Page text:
The first characteristic of God’s Word, according to verse 7, is that it is “perfect.” The Hebrew term translated “perfect” is a common word that also can mean “whole,” “complete,” or “sufficient.” The Scriptures cover everything and lacks nothing.

The first part of verse 7 also lists the first of Scripture’s six benefits: it revives the soul. It is so comprehensive that if carefully obeyed, it can transform the entire person by giving him salvation and providing all the means necessary for his sanctification, making the very soul of the individual new (cf. Rom 1:16; 2 Tim 3:15-17; 1 Pet 1:23-25).

The testimony of the LORD is sure, making wise the simple;

Psalm 19:7 also declares a second title and characteristic of Scripture: “the testimony of the LORD is sure.”

“Testimony” defines God’s written Word as a witness to the truth. In the Bible God gives testimony to who He is and what He requires. His testimony is “sure,” in sharp contrast to the unreliable notions of men. “Sure” means unwavering, immovable, unmistakable, and worthy to be trusted. The truth of God’s Word thus provides a solid foundation on which people, without hesitation, can build their lives and eternal destinies (cf. 2 Pet 1:19-21).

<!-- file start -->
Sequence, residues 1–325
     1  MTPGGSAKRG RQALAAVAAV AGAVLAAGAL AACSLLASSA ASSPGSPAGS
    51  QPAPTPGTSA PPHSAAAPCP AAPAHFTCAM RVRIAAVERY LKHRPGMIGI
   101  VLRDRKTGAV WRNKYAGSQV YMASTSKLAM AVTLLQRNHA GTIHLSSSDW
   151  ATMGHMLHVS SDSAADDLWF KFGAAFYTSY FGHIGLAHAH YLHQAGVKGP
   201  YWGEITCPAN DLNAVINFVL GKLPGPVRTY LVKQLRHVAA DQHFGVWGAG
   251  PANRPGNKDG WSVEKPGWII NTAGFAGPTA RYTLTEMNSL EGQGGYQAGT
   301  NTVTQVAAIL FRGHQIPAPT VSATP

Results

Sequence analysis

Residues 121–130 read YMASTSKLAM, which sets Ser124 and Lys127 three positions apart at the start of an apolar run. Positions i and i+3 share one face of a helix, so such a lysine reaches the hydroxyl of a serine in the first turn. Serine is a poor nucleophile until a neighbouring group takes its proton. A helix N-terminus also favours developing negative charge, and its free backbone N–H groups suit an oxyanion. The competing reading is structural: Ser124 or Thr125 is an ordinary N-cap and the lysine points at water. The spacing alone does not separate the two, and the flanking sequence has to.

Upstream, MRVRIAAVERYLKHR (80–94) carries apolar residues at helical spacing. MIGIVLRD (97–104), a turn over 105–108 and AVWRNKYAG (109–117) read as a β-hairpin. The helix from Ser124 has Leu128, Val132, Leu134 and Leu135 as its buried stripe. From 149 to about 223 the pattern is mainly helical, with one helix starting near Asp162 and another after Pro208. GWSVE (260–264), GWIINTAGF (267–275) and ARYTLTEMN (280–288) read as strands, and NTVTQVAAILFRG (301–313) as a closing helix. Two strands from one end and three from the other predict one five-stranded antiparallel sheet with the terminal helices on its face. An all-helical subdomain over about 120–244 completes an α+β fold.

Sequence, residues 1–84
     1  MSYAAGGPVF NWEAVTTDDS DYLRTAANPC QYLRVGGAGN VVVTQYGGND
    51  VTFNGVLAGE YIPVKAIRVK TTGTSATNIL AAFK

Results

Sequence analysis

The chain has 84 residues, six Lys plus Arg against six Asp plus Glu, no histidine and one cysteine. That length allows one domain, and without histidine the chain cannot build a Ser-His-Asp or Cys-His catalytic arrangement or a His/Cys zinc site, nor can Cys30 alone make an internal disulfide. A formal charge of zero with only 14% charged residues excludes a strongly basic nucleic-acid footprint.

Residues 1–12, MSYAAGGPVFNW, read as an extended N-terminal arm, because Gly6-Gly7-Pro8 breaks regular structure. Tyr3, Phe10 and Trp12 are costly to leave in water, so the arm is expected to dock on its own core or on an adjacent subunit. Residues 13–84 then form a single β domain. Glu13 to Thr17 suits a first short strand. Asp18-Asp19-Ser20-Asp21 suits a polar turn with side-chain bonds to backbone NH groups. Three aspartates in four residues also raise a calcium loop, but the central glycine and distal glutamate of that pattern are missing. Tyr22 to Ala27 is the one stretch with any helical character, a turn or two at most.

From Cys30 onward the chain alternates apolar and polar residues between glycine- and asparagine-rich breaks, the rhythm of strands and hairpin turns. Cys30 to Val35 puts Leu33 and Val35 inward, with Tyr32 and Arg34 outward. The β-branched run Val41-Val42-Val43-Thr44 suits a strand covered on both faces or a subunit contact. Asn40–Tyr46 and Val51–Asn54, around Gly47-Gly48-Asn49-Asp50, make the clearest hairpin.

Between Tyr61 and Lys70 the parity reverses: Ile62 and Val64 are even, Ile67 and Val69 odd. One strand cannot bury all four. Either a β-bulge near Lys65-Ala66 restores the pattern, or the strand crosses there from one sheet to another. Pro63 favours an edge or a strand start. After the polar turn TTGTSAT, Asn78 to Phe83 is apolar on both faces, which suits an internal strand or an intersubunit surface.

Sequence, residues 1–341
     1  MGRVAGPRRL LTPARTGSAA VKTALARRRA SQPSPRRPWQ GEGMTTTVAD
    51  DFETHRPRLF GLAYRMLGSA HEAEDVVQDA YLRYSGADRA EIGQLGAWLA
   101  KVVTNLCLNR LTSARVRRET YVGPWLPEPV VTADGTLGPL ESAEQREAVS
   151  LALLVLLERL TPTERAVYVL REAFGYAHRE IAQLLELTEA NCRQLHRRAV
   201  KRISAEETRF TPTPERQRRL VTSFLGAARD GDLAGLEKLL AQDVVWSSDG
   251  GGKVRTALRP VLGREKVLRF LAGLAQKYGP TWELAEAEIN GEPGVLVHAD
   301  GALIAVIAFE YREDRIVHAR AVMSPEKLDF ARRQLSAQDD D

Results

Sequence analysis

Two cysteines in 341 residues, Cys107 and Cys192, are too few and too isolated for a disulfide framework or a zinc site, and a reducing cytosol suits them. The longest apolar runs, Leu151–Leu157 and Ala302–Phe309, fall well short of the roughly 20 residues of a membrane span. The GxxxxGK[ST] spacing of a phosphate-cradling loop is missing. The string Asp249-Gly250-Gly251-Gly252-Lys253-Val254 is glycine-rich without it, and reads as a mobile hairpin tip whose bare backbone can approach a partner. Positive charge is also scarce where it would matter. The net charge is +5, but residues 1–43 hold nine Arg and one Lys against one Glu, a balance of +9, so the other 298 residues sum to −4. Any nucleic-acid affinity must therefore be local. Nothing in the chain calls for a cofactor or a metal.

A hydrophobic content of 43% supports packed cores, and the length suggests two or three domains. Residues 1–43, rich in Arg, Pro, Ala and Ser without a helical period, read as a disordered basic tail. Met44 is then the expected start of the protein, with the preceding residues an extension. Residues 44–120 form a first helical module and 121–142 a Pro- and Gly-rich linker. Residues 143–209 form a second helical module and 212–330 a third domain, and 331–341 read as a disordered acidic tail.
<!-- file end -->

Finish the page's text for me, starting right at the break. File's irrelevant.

The benefit of this sure testimony is that of “making wise the simple.” The word translated “wise” basically means to be skilled in the matters of practical godly living. To be wise is to master the art of daily living by knowing the Word of God and applying it in every situation.

The precepts of the LORD are right, rejoicing the heart;

The first half of Psalm 19:8 begins with a third title and characteristic of God’s Word: “The precepts of the LORD are right.”

“Precepts,” mean divine principles, statutes, and guidelines. They are simply characterized as “right.” They show believers the right spiritual path and guide them into the way of true understanding. People who follow the Word of God are not left to wander around in the fog of human opinion.